People who study pharmacy often work in a pharmacy later on. And in up to 20 percent of the cases also in science and research. Kiel University offers a special course of study for this target group.
Pharmacy students in this country generally still take a state examination. However, the corresponding studies are strongly regulated by law and leave relatively little room for research, explains Professor Eric Beitz from the Department of Pharmaceutical Chemistry. For this reason, Kiel University was one of the few universities in Germany to create a diploma course in pharmaceutical research many years ago in order to promote the drive for research. In the winter semester 2014/15, this became a master's degree course.
In some respects, there is something exotic about this course of study, which is chosen by a good 15 students per year at Kiel University. While in almost all other disciplines the path to a master's degree takes four semesters, in drug research there are only two. Access is also much more strictly regulated than usual: Only those who have already passed the second state examination in pharmacy can be admitted. And the situation after the successful completion of the master's degree is much more specific.
Almost all those who manage this step also take the third state examination, which is linked to a practical year in the pharmacy, because this degree alone means a license to practice as a pharmacist.
According to Beitz, the degree in drug research is therefore nothing more than an "extended professional qualification". The example of Lea Petersen shows that this degree can also have other useful aspects. "I want to find out whether I want to do a doctorate," said the student describing her motivation. Working meticulously on a scientific question over a long period of time, often enough alone in a quiet little room, is not something that everyone is made for. Like all drug research students, Lea Petersen devoted her first semester to the important techniques of scientific work and also learned English for science. Now, in her second semester, she is well equipped for this and is preferably to be found in the laboratory. In malaria research, she wants to find out whether a single protein is responsible for the fact that sufferers sometimes do not respond to certain drugs.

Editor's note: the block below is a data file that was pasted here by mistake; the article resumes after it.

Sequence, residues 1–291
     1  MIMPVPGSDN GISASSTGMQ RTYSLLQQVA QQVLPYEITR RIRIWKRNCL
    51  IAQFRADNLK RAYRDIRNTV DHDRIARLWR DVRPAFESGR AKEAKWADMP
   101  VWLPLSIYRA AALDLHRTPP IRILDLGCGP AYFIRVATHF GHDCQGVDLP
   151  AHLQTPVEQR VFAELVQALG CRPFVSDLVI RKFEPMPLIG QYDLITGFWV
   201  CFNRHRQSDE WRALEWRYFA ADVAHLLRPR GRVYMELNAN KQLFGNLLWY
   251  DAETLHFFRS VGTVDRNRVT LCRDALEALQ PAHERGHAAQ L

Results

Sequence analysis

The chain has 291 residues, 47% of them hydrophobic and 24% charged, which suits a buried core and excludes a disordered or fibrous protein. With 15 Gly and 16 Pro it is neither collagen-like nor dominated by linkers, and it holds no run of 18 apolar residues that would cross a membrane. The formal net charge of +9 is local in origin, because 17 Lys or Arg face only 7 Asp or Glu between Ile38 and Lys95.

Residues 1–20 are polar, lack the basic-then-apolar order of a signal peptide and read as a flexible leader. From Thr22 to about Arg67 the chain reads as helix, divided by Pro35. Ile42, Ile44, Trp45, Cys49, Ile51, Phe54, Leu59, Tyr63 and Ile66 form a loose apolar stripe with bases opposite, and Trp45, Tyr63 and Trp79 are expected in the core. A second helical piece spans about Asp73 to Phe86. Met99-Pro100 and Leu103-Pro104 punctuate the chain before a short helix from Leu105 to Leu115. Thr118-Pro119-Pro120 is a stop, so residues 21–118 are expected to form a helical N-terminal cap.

Patrick Indorf is already a little further along. He has just completed his master's degree and is very pleased with his decision. "This makes the transition to research a little easier," says the pharmacist, for whom it was clear from the outset that he wanted to do a doctorate. This path, which usually takes three to four years, is now open to him. And Indorf has a good feeling because, thanks to his master's degree, he already knows exactly what he is getting into.
This also makes Patrick Indorf a very typical master's student, because in Eric Beitz' experience almost all graduates do well when they finish their doctorates. But what happens after that is really very different. Some of the doctoral students stay in the scientific research department of a university, others change to industry or work in a pharmacy. According to Beitz, the young pharmacists all have one thing in common: "Nobody has to worry about their professional future."
Author: Martin Geist